Cubic potential models for cluster radioactivity
Cluster radioactivity is a process by which nuclei equal and heavier than the α-particle is emitted spontaneously. The clusters usually emitted in this process are the α-particle, carbon, oxygen, neon, magnesium, silicon etc. When the mass of the cluster becomes comparable with the mass of the daughter, symmetric fission takes place. Thus the cluster radioactivity is an intermediate process between the well known α-decay and the spontaneous fission. In earlier years such cluster radioactivity was found mostly in actinide nuclei like radium, uranium etc. Very recently it has been predicted that such decays are possible in a new region around 111Ba. There has been an exciting experimental detection of the emission of 12C from 111Ba leading to 102Sn, which is attracting a lot of attention recently.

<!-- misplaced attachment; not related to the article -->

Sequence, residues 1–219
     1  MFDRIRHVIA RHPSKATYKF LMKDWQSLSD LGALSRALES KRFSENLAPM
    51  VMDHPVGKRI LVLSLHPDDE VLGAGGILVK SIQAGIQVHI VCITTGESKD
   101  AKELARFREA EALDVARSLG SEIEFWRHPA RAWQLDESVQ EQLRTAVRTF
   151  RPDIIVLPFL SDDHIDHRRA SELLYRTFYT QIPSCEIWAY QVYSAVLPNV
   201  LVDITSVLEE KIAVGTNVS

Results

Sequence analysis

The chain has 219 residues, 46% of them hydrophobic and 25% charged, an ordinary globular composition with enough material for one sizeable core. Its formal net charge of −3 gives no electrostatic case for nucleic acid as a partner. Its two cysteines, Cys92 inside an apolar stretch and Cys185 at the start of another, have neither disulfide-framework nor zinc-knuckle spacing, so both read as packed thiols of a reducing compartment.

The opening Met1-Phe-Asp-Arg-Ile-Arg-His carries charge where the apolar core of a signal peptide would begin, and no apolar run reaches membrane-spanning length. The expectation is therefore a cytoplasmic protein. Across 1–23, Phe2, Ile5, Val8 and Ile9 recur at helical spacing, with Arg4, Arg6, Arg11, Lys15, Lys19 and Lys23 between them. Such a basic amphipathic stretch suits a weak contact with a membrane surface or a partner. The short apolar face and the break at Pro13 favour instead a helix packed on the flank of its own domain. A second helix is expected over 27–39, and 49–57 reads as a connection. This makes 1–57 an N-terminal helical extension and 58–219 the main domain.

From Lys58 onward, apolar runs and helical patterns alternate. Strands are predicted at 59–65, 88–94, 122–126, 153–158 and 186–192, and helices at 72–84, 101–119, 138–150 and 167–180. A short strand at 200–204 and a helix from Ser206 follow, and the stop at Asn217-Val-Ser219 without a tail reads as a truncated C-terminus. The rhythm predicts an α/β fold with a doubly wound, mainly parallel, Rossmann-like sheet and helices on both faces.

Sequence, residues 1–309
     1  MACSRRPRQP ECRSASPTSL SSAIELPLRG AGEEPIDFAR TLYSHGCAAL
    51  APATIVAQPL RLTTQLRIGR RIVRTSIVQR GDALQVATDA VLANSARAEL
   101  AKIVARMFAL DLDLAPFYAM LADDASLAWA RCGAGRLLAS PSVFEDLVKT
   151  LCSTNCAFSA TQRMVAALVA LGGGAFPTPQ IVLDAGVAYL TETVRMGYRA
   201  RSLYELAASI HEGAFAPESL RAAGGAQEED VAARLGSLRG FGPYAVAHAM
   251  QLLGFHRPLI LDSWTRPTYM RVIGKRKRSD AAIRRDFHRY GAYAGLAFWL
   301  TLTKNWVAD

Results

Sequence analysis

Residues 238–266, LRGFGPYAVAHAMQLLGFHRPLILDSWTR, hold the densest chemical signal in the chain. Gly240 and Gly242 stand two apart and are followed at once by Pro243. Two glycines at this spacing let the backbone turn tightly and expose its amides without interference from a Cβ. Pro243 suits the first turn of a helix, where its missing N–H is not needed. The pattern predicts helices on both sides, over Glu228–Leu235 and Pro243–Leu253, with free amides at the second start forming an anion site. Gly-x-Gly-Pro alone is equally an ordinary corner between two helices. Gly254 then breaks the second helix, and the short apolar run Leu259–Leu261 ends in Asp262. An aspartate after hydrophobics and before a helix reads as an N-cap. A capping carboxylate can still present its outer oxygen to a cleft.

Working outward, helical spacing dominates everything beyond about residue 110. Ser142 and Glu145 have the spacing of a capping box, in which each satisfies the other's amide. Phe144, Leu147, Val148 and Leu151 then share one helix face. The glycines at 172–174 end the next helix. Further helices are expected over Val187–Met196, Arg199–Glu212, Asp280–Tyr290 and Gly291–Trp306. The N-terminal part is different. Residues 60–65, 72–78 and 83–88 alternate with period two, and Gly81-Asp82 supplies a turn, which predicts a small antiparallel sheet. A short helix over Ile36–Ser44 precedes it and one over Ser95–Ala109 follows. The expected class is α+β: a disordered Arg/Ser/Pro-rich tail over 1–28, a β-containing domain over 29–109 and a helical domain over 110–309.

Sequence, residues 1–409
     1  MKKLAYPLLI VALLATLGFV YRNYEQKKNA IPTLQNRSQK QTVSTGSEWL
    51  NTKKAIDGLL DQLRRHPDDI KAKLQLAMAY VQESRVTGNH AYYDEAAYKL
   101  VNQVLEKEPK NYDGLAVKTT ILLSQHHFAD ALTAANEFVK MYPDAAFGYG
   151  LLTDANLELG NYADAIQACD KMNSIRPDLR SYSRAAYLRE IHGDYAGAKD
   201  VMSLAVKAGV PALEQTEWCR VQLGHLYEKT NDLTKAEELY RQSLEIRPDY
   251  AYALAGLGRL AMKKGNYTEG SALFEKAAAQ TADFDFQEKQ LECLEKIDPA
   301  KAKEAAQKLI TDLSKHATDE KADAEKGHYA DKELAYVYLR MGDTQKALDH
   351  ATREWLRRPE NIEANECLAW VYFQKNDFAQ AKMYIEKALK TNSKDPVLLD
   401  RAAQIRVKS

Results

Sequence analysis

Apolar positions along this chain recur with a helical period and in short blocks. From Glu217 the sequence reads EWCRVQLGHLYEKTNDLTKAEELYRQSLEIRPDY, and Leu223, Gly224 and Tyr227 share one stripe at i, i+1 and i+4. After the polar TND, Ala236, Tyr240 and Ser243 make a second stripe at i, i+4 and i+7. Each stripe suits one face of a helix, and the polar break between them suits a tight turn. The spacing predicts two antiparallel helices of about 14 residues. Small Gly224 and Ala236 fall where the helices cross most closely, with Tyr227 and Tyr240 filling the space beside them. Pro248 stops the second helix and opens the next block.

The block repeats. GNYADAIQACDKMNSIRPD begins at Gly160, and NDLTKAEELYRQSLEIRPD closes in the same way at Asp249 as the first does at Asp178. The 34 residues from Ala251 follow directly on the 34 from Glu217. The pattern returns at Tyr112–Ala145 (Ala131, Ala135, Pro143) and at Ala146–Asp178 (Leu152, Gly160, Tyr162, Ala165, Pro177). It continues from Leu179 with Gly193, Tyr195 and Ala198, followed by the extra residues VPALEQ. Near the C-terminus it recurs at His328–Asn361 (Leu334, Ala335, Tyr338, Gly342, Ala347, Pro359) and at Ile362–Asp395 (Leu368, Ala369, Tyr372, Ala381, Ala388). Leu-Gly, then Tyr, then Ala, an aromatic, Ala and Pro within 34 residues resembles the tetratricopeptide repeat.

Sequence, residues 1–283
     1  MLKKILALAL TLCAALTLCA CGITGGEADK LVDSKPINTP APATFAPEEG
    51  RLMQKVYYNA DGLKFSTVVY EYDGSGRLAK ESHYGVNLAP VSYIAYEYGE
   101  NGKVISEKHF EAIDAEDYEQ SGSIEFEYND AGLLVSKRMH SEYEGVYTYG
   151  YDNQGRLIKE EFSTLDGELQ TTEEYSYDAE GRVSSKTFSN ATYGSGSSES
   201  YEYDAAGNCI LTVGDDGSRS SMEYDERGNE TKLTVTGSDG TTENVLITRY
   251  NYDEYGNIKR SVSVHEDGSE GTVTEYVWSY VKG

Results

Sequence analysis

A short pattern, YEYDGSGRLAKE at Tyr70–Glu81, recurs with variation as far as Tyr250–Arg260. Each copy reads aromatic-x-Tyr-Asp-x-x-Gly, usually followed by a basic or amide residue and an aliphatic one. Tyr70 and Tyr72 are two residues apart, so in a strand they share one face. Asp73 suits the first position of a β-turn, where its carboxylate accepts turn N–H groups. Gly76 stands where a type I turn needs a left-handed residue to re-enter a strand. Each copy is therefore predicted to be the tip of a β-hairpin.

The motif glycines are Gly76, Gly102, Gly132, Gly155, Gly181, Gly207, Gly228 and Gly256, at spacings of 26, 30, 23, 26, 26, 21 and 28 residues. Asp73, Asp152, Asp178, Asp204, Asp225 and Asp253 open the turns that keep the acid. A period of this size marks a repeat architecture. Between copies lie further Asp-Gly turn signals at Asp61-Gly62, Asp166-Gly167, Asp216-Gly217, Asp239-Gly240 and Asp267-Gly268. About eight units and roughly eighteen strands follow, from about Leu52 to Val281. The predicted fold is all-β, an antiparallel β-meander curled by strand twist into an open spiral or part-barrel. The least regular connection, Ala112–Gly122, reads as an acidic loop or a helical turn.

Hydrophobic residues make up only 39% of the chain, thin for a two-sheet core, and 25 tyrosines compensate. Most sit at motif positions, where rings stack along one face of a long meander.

To study the phenomenon of cluster radioactivity there are various theoretical models in vogue. The existing models generally fall under two categories: the unified fission model (UFM) and the preformed cluster model (PCM). The physics of the UFM and the PCM are completely different. The UFM considers cluster radioactivity simply as a barrier penetration phenomenon in between the fission and the α-decay without worrying about the cluster being or not being preformed in the parent nucleus. In the PCM clusters are assumed to be preborn in a parent nucleus before they could penetrate the potential barrier with a given Q-value. The basic assumption of the UFM is that heavy clusters as well as the α-particle have equal probability of being preformed. In PCM, clusters of different sizes have different probabilities of their being preformed in the parent nucleus.
We have developed three fission models during the last decade using the cubic potential for the pre-scission region. The use of these models in the study of cluster radioactivity in both the actinide and barium regions will be discussed in this talk in comparison with the other existing theories.
Volume 94, 2020
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